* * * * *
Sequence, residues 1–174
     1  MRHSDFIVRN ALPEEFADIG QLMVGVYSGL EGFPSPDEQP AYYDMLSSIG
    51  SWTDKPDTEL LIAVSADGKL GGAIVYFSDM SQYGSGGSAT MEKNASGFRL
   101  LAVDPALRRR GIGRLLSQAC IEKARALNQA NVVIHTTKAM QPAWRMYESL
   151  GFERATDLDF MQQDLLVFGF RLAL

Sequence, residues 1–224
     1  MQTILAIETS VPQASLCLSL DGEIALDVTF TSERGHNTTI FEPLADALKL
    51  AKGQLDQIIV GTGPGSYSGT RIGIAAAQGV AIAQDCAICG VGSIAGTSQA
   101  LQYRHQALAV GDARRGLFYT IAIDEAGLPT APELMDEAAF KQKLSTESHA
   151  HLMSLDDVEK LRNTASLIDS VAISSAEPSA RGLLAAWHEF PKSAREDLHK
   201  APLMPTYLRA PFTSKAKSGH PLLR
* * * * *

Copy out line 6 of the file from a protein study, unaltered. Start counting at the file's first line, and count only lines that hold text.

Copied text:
Sequence, residues 1–224